Boule v. Egbert et al

Filing 155

ORDER granting Defendant's 102 (Sealed), 107 Motion for Summary Judgment and dismissing the remainder of Plaintiff's claims against Defendant Egbert in their entirety. Signed by Judge Ricardo S. Martinez. (PM)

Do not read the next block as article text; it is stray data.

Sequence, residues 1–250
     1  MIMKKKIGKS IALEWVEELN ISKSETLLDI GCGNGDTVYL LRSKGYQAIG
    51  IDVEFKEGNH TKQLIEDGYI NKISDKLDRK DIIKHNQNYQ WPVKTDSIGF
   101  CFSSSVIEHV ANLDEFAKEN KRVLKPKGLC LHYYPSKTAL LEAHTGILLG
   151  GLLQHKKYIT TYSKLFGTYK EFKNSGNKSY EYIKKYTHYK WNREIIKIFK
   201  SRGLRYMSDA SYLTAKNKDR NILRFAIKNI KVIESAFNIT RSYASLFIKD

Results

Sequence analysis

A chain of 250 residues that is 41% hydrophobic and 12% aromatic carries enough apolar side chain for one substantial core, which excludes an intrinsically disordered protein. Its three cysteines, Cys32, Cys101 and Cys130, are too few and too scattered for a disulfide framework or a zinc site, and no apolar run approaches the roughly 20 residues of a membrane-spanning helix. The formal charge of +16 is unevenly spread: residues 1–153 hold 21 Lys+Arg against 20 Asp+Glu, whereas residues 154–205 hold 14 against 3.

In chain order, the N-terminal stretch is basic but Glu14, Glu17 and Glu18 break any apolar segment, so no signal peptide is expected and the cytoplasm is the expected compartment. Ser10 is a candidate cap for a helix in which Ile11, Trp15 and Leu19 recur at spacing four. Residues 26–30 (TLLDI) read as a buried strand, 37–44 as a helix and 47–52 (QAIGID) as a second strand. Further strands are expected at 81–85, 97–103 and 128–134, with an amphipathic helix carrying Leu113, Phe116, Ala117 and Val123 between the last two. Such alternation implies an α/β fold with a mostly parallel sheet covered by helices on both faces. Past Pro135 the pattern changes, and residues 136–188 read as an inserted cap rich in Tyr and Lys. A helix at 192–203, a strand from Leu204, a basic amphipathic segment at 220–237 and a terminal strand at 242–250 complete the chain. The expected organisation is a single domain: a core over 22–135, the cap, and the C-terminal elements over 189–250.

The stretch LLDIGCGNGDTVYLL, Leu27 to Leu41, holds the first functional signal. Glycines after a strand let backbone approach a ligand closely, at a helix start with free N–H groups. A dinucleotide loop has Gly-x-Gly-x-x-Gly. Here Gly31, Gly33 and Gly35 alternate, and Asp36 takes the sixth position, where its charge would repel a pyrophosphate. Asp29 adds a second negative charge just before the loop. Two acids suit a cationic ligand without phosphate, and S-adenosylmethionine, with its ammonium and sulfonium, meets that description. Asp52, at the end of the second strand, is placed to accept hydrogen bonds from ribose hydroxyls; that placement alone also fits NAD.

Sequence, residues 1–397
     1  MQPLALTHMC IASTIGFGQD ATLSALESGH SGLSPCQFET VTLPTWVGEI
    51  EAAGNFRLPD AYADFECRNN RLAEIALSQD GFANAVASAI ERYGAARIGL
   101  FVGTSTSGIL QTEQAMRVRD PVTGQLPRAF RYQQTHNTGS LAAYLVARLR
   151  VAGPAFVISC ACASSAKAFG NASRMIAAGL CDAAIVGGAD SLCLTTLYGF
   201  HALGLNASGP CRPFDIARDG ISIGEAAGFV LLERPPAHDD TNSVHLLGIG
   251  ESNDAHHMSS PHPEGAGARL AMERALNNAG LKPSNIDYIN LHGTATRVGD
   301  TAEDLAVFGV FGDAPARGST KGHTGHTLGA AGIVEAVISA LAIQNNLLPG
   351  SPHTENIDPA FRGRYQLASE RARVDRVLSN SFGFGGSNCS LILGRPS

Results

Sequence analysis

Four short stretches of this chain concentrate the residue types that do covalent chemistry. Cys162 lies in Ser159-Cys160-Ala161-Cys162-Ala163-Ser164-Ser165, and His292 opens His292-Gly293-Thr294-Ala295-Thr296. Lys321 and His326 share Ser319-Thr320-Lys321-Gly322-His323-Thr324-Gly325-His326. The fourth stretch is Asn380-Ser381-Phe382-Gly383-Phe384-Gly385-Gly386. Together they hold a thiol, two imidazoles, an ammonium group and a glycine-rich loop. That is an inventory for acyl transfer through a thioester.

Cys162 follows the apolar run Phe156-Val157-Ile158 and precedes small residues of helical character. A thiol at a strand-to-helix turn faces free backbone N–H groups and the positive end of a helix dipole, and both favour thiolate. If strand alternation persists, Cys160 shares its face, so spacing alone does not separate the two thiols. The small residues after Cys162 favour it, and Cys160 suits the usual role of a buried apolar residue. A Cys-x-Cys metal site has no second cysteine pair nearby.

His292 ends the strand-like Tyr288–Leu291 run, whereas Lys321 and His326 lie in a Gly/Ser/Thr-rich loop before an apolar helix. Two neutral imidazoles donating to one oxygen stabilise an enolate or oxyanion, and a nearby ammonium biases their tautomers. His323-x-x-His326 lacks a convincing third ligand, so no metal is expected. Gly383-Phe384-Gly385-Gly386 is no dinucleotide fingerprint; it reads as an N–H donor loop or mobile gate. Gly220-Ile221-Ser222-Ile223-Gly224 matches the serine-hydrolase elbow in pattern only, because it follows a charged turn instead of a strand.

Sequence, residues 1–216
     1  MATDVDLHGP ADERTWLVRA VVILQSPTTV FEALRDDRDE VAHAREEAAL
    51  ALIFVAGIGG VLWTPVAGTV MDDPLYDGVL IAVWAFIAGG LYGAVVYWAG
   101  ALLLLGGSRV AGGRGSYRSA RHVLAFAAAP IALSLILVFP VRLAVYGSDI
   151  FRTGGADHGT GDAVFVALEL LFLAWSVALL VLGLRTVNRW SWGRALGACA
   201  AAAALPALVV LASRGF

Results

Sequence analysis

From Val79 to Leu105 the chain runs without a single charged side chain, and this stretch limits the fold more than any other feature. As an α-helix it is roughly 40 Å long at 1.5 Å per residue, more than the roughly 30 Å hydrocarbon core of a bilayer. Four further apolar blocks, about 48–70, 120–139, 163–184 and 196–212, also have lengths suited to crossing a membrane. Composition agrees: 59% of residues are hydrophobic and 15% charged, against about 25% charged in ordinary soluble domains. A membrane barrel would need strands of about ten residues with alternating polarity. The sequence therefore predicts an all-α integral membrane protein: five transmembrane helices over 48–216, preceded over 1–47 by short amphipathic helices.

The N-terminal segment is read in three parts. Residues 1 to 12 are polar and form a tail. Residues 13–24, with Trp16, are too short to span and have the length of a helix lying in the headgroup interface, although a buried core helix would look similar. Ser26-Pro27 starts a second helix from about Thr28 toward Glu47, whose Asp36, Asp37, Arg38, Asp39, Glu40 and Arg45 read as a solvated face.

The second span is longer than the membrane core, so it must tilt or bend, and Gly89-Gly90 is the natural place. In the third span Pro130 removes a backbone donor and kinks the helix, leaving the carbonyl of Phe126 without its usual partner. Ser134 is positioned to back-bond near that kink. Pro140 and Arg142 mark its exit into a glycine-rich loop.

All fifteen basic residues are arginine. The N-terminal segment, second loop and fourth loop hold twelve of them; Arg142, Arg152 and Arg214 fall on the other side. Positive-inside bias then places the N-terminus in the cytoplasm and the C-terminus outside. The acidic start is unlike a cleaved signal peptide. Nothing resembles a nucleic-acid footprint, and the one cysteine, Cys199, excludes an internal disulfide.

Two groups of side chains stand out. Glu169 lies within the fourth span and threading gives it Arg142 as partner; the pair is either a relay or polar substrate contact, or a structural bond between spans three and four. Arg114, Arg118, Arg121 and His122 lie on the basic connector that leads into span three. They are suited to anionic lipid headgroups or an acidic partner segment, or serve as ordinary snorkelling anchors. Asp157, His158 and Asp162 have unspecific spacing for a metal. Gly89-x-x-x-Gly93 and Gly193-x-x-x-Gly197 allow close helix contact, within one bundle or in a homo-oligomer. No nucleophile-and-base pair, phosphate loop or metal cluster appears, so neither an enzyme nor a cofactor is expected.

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1 2 3 4 IN THE UNITED STATES DISTRICT COURT FOR THE WESTERN DISTRICT OF WASHINGTON AT SEATTLE 5 6 7 8 ROBERT BOULE, Plaintiff, 9 10 11 12 v. Case No. C17-0106 RSM ORDER GRANTING DEFENDANT’S MOTION FOR SUMMARY JUDGMENT ERIK EGBERT, et al., Defendants. 13 I. INTRODUCTION 14 15 16 This matter comes before the Court on Defendant’s Motion for Summary Judgment. Dkts. #102 (filed under seal) and #107.1 Defendant seeks the dismissal of all claims made 17 18 19 20 against him as a matter of law. Id. Plaintiff agrees that some claims may be dismissed, but argues that disputes as to material questions of fact preclude summary judgment on his First Amendment retaliation claim. Dkts. #135 (filed under seal) and #140. For the reasons set forth 21 22 23 below, the Court disagrees with Plaintiff and GRANTS Defendant’s motion. /// 24 II. BACKGROUND 25 26 27 28 29 30 1 The Court previously resolved the portion of Defendant Egbert’s motion regarding Plaintiff’s Fourth Amendment claim. Dkt. #154. In addition, Defendant had moved for summary judgment on his Anti-SLAPP counterclaim, but has since voluntarily dismissed that claim. Dkt. #151. Thus, this Order addresses only the remaining portions of the motion. ORDER– 1 1 2 Plaintiff initially filed this action on January 5, 2017. Dkt. #1. He filed an Amended Complaint on September 6, 2017. Dkt. #22. The allegations arise from an 3 4 5 6 interaction with Defendant Erik Egbert, a United States Customs and Border Protection (“CBP”) Officer, on March 20, 2014. Id. Plaintiff resides in a house immediately adjacent to the U.S./Canada border. Dkt. 7 8 9 10 #99 at ¶ 4 (filed under seal). The house and its driveway are accessed by a one-lane private dirt road that connects to a paved public street. Id. at ¶ 5. Plaintiff and Defendant appear to agree that this property is in an area known for cross-border smuggling of people, drugs, 11 12 13 14 illicit money and items of significance to criminal organizations. Id. at ¶ 7 and Dkt. #108 at ¶ 10. In addition to living in the home, Plaintiff operates a bed and breakfast, which is known as the Smuggler’s Inn. Dkts. #99 at ¶ 4 and #108 at ¶ 6. 15 16 17 18 19 20 Plaintiff has posted a sign at the intersection of the private dirt lane that leads to his home and the paved public street that reads: Welcome to Smuggler’s Inn Guests Only Private Property No Trespassing 21 22 23 24 Dkt. #99 at ¶ 16 and Ex. 5 thereto. There is conflicting evidence in the record as to when that sign was posted. Defendant Egbert asserts that the sign was not posted as of March 20, 2014. Dkts. #130 at ¶ 23 and #133 at ¶ 23 (filed under seal). A friend of Plaintiff’s states 25 26 that the sign has been posted for the last six or seven years. Dkt. #148 at ¶ 11. 27 28 29 30 In addition, the Court notes that a number of documents in this matter have been filed under seal, with redacted versions available publicly. To the extent possible, the Court will reference only information available in the public documents. ORDER– 2 1 2 On March 20, 2014, Defendant Egbert drove down the dirt lane into Plaintiff’s driveway. Dkts. #108 at ¶ 29 and #130 at ¶ 24. A photo of Plaintiff’s property depicts the 3 4 5 6 drive way immediately adjacent to Plaintiff’s home, surrounded on to sides by a tall wooden fence. Dkts. #98, Ex. 4 and #108, Ex. A. Earlier that day, Defendant Egbert had learned through conversation with Plaintiff of a guest arriving from Turkey who had 7 8 9 10 booked a room at Smuggler’s Inn for that evening. Dkt. #130 at ¶ 30. Plaintiff informed Agent Egbert that the guest had arrived in New York via air from Turkey the night before, and had then flown to SEA-TAC airport that day. Dkts. #94 at 4-5 and #99 at ¶ 10. Two 11 12 13 14 persons employed by Plaintiff had driven to SEA-TAC airport in one of Plaintiff’s vehicles to pick up the guest and transport him to Smugglers Inn. Dkt. #99 at ¶ 10. As the vehicle returned, driving down the lane and coming to a stop in the Plaintiff’s driveway, Defendant 15 16 17 18 Egbert followed in his Border Patrol vehicle, entering Plaintiff’s driveway and parking immediately behind the vehicle. Dkts. #108 at ¶ 29 and #130 at ¶ 24. The driver exited while the guest remained seated in the vehicle. According to 19 20 21 22 Defendant Egbert, when he approached the vehicle, the driver gave him permission to talk to the guest, Mr. Kaya. Dkts. #108 at ¶ 32 and #130 at ¶ 24. However, Plaintiff, who was on a nearby porch, told Defendant Egbert he was trespassing and asked him to leave his 23 24 25 26 property. Dkts. #99 at ¶ 10 and #108 at ¶ ¶ 33-34. Defendant Egbert was “puzzled” by the behavior. Dkt. #108 at ¶ 35. What happened next is not largely in dispute. The parties agree that Agent Egbert 27 28 29 30 did not leave when asked to do so by Plaintiff. Dkt. #108 at ¶ ¶ 33-34. The parties also agree that Plaintiff moved between Defendant and the vehicle in which the passenger was seated. Id. Defendant Egbert states that he informed Plaintiff he (Egbert) wanted to speak ORDER– 3 1 2 with the guest about his immigration status. Id. at ¶ 34. The parties dispute what level of force, if any, was used for Agent Egbert to access the vehicle, but the parties agree that 3 4 5 6 Agent Egbert opened the vehicle door and asked the guest about his status in the country. Id. at ¶ ¶ 37-38. The parties agree that Defendant Egbert confirmed that the guest was legally in the country and then allowed Plaintiff to escort the guest into his home. Id. at ¶ ¶ 7 8 40-41. The instant action followed. 9 10 III. DISCUSSION A. Legal Standard on Summary Judgment 11 12 13 14 Summary judgment is appropriate where “the movant shows that there is no genuine dispute as to any material fact and the movant is entitled to judgment as a matter of law.” Fed. R. Civ. P. 56(a); Anderson v. Liberty Lobby, Inc., 477 U.S. 242, 247 (1986). In ruling 15 16 17 18 on summary judgment, a court does not weigh evidence to determine the truth of the matter, but “only determine[s] whether there is a genuine issue for trial.” Crane v. Conoco, Inc., 41 F.3d 547, 549 (9th Cir. 1994) (citing Federal Deposit Ins. Corp. v. O’Melveny & Meyers, 19 20 21 22 969 F.2d 744, 747 (9th Cir. 1992)). Material facts are those which might affect the outcome of the suit under governing law. Anderson, 477 U.S. at 248. The Court must draw all reasonable inferences in favor of the non-moving party. 23 24 25 26 See O’Melveny & Meyers, 969 F.2d at 747, rev’d on other grounds, 512 U.S. 79 (1994). However, the nonmoving party must make a “sufficient showing on an essential element of her case with respect to which she has the burden of proof” to survive summary judgment. 27 28 29 Celotex Corp. v. Catrett, 477 U.S. 317, 323 (1986). Further, “[t]he mere existence of a scintilla of evidence in support of the plaintiff’s position will be insufficient; there must be 30 ORDER– 4 1 2 evidence on which the jury could reasonably find for the plaintiff.” Anderson, 477 U.S. at 251. 3 B. Plaintiff’s Fourteenth Amendment and State Law Negligence Claims 4 5 6 As an initial matter, the Court addresses Plaintiff’s federal Fourteenth Amendment claim and state law negligence claim. Defendant Egbert has moved to dismiss the claims 7 8 9 10 on the basis that neither is cognizable against him. Dkt. #107 at 19-20 and 21-23. Plaintiff responded that he agreed those claims should be dismissed. Dkt. #140 at 19. Accordingly, the Court DISMISSES those claims in their entirety.2 Because Plaintiff’s Fourth 11 12 13 14 Amendment claim and Defendants’ Anti-SLAPP counterclaim have also been resolved, the only remaining claim at issue is Plaintiff’s federal First Amendment claim, which the Court now addresses. 15 C. Plaintiff’s First Amendment Claim 16 Plaintiff alleges in his Amended Complaint that as a result of his complaint to 17 18 Defendant Egbert’s superiors regarding the incident in his driveway with his guest, Agent 19 20 21 22 Egbert has retaliated against him. Dkt. #22 at ¶ 16. Plaintiff asserts that this retaliation has occurred in the form of intimidation and slander to potential guests causing them to refrain from staying at the bed and breakfast, unsubstantiated complaints to the Internal Revenue 23 24 25 26 Service that Plaintiff had not properly accounted for income received, intentionally parking marked enforcement vehicles near the bed and breakfast for no legitimate purpose in order to discourage business, unjustified complaints to other regulatory agencies, and detaining 27 28 Mr. Boule’s employees for questioning without legal justification. Dkt. #22 at ¶ 17. As a 29 30 2 Plaintiff also agrees that any claim he made for attorney’s fees should also be dismissed. Dkt. #140 at 19. ORDER– 5 1 2 result, Plaintiff asserts a Bivens3 claim against Defendant Egbert on the basis that Defendant’s actions violated his First Amendment rights. Id. at ¶ ¶ 18 and 20. Defendant 3 4 5 6 Egbert moves for summary judgment dismissal of this claim on the basis that allowing this claim to proceed would be an unwarranted extension of Bivens into a new context. Dkt. #107 at 12. For the reasons discussed below, the Court agrees with Defendant. 7 In 1971 the United States Supreme Court decided Bivens. In that case, the Court 8 9 10 held that, even absent statutory authorization, it would enforce a damages remedy to compensate persons injured by federal officers who violated the prohibition against 11 12 13 14 unreasonable search and seizures. Bivens, 403 U.S. at 397. The Court acknowledged that the Fourth Amendment does not provide for money damages “in so many words.” Id. at 396. However, the Court noted that Congress had not foreclosed a damages remedy in 15 16 17 18 “explicit” terms and that no “special factors” suggested that the Judiciary should “hesitat[e]” in the face of congressional silence. Id. at 396-97. The Court held that it could authorize a remedy under general principles of federal jurisdiction. See id. at 392 (citing 19 20 Bell v. Hood, 327 U.S. 678, 684, 66 S. Ct. 773, 90 L. Ed. 939 (1946)). Since then, the U.S. Supreme Court has made clear that expanding the Bivens 21 22 remedy is now a “disfavored” judicial activity, in recognition that it has “consistently 23 24 25 26 refused to extend Bivens to any new context or new category of defendants.” Correctional Services Corp. v. Malesko, 534 U. S. 61, 68, 122 S. Ct. 515, 151 L. Ed. 2d 456 (2001). The Court has recently set forth the proper test for determining whether a case presents a new 27 28 29 30 3 Referring to Bivens v. Six Unknown Federal Narcotics Agents, 403 U.S. 388 (1971). ORDER– 6 1 2 Bivens context. Ziglar v. Abbasi, __ U.S. __, 137 S. Ct. 1843, 1859-60, 198 L. Ed.2d 290 (2017). 3 4 5 6 7 8 9 10 11 12 If the case is different in a meaningful way from previous Bivens cases decided by this Court, then the context is new. Without endeavoring to create an exhaustive list of differences that are meaningful enough to make a given context a new one, some examples might prove instructive. A case might differ in a meaningful way because of the rank of the officers involved; the constitutional right at issue; the generality or specificity of the official action; the extent of judicial guidance as to how an officer should respond to the problem or emergency to be confronted; the statutory or other legal mandate under which the officer was operating; the risk of disruptive intrusion by the Judiciary into the functioning of other branches; or the presence of potential special factors that previous Bivens cases did not consider. Id. In determining whether a Bivens remedy should be recognized in that case, the Court in 13 14 15 16 Abbassi compared the respondents’ claims to already recognized Bivens claims and noted that a new context arises in cases where “even a modest extension” exists. Id. at 1864. The U.S. Supreme Court has only recognized a Bivens remedy in the context of the 17 18 19 20 Fourth, Fifth, and Eighth Amendments. Abbasi, 137 S.Ct. at 1860 (noting that the Supreme Court has approved three Bivens claims in the past: “a claim against FBI agents for handcuffing a man in his own home without a warrant; a claim against a Congressman for 21 22 23 24 firing his female secretary; and a claim against prison officials for failure to treat an inmate’s asthma.”) (internal citations omitted). Moreover, the Supreme Court has never implied a Bivens action under any clause of the First Amendment. See Reichle v. Howards, 25 26 27 28 566 U.S. 658 n.4, 132 S. Ct. 2088, 182 L. Ed. 2d 985 (2012) (“We have never held that Bivens extends to First Amendment claims.”). While the Ninth Circuit previously has authorized Bivens claims based on the First Amendment, see Gibson v. United States, 781 29 30 F.2d 1334 (9th Cir. 1986), Abbasi provides that the proper test involves a consideration of ORDER– 7 1 2 Bivens cases decided by the Supreme Court, not by the Courts of Appeals. Abbasi, 137 S.Ct. at 1859. Thus, prior Ninth Circuit decisions are not controlling. Accordingly, the 3 4 5 6 Court finds that Plaintiff’s First Amendment claim clearly presents a new context in Bivens. As a result, the Court is required to consider any special factors counseling against extension of Bivens into this area, including whether there is any alternative, existing 7 8 9 10 process for protecting Plaintiff’s interests. Plaintiff argues that special factors support the extension of his claim “because the retaliation and associated harms are directly connected to the Fourth Amendment claims.” 11 12 13 14 Dkt. #140 at 13. However, as the Court previously determined for the reasons set forth by Defendant, Plaintiff’s Bivens claims raise significant separation-of-powers concerns by implicating the other branches’ national-security policies. See Dkts. #143 at 4-5 and #154 15 16 17 18 19 20 21 22 23 24 at 10-11. “The Supreme Court has never implied a Bivens remedy in a case involving the military, national security, or intelligence.” Hernandez v. Mesa, 885 F.3d 881, 818–19 (5th Cir. 2018). This Court agrees that the risk of personal liability would cause Border Patrol agents to hesitate and second guess their daily decisions about whether and how to investigate suspicious activities near the border, paralyzing their important border-security mission. See Abbasi, 137 S. Ct. at 1861. Likewise, the Court agrees that Congress is in the best position to evaluate the costs and benefits of a new legal remedy, particularly when it has already granted Border Patrol broad authority to secure the international border without providing a damages remedy for claims arising in that context. See Abbasi, 137 S. Ct. at 1857–58 and 1862. 25 26 27 28 Dkt. #154 at 10-11. Thus, the Court again finds that Plaintiff attempts an impermissible Bivens claim in a new context, and that special factors preclude such a claim. The Court therefore declines to address Defendant’s alternative qualified immunity argument. 29 30 ORDER– 8 1 2 IV. CONCLUSION Having reviewed Defendant’s motion for summary judgment, the opposition thereto and 3 4 5 6 reply in support thereof, along with the supporting Declarations and Exhibits and the remainder of the record, the Court hereby finds and ORDERS: 1. Defendant Egbert’s Motion for Summary Judgment (Dkt. #102) is GRANTED and 7 8 9 10 11 12 the remainder of Plaintiff’s claims will be dismissed against Defendant Egbert in their entirety. 2. This matter is now CLOSED. DATED this 24th day of August 2018. 13 A 14 15 RICARDO S. MARTINEZ CHIEF UNITED STATES DISTRICT JUDGE 16 17 18 19 20 21 22 23 24 25 26 27 28 29 30 ORDER– 9